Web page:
New Gold-Doped Antibody Free Sensor Detects Cortisol from Saliva

A recent study published in the journal Biosensors and Bioelectronics examines the advancement of nano gold-doped molecularly imprinted electrochemical sensors for fast and sensitive detection of the steroid hormone cortisol.

New Gold-Doped Antibody Free Sensor Detects Cortisol from Saliva

Study: Nano gold-doped molecularly imprinted electrochemical sensor for rapid and ultrasensitive cortisol detection. Image Credit: Kateryna Kon/

In the sensor, target cortisol binds to imprinted spots in the polymer, changing the current of redox-active probes.

With this approach, high-density gold nanoparticles are distributed around the binding cavities of these gold-doped MIP sensors.

The in-situ gold reduction promoted polymerization, increasing the sensor's effective surface area. When subjected to redox reagents, it also aided charge transfer.

Detection responsiveness and sensitivity were reported to have improved by efficiently preventing charge transfer when cortisol occupied the cavities. In addition, this sensor demonstrated a significant adhesion for cortisol attachment, the linear detection range of 1 to 500 nM, and selectivity across additional steroid hormones that have a close resemblance.

The sensor determined normal and increased cortisol levels in spiking saliva. The simple antibody-free cortisol detection approach is extremely sensitive and selective and ideal for point-of-care tests.

Cortisol: A Steroid Hormone

The adrenal gland produces cortisol as a reaction to stress or anxiety. It modulates blood pressure, glucose, and metabolism. Deficit or excess cortisol is connected to PTSD, Cushing's illness, and CFS and elevated cortisol levels can be used to diagnose SARS-CoV-2 illness. Unbound plasma-free cortisol is measured in saliva and the salivary cortisol measurement is reliable and non-invasive.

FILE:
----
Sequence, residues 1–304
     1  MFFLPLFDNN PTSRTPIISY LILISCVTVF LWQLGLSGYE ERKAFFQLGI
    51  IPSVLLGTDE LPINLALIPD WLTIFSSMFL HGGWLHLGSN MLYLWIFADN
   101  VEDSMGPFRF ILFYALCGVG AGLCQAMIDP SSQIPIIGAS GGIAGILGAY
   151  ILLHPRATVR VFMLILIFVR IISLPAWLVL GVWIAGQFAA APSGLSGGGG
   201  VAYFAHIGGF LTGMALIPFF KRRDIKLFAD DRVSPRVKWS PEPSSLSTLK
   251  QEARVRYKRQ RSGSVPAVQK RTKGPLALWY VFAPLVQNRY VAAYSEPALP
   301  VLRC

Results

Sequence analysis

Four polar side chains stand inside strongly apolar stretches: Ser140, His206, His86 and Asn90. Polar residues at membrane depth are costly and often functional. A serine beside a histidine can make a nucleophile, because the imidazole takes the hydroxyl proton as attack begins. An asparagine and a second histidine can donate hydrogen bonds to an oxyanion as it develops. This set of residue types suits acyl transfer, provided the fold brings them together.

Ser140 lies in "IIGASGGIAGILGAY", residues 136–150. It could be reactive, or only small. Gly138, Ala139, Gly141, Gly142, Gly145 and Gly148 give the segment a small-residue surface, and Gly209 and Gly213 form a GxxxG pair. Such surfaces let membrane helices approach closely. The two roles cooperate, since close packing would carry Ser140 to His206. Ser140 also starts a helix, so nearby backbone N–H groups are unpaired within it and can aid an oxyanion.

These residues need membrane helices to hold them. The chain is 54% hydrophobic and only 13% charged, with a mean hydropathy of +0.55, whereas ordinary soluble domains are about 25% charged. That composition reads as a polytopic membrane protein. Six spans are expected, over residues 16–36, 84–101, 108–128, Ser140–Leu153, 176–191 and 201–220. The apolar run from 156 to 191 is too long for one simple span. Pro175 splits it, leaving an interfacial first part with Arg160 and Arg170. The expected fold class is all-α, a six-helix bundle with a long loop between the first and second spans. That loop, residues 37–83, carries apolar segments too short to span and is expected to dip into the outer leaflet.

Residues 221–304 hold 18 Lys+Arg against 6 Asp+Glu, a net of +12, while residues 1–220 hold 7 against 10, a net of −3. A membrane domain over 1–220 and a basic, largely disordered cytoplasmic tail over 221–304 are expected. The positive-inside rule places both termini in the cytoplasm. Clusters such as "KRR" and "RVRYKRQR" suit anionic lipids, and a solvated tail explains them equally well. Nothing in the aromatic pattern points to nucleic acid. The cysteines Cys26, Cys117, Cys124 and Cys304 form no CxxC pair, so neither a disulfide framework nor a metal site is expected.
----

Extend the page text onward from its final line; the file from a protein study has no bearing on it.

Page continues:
Existing Cortisol Measurement Methods

Existing clinical cortisol measurement protocols are time-consuming and costly, requiring patients to submit urine or saliva samples for examination.

To attain sub-ng/mL limits of detection, standard approaches rely on time-consuming column chromatographic techniques. However, it is time demanding, and based on cross-reactivity with other comparable steroid hormones, it has relatively low detection selectivity.

Aside from ELISA, lateral flow tests and other immunosensors are being developed. These immunosensors detect cortisol using antibodies or aptamers, tend to have high costs, and have a short shelf life owing to environmental instability.

To substitute antibodies another option is to utilize a synthetic polymer featuring biorecognition sites for target-specific binding. Point-of-care applications are feasible when MIP is combined with electrochemical sensing technologies.

MIP-based electrochemical cortisol sensors have been demonstrated in a few publications. It was shown that the wearable MIP cortisol transistors made by UV polymerization of methyl methacrylate-based copolymer were able to detect sweat cortisol in the range of 0.01 M–5 M. However, the detection limits of these cortisol MIP sensors are unsatisfactory, and the manufacturing procedure is difficult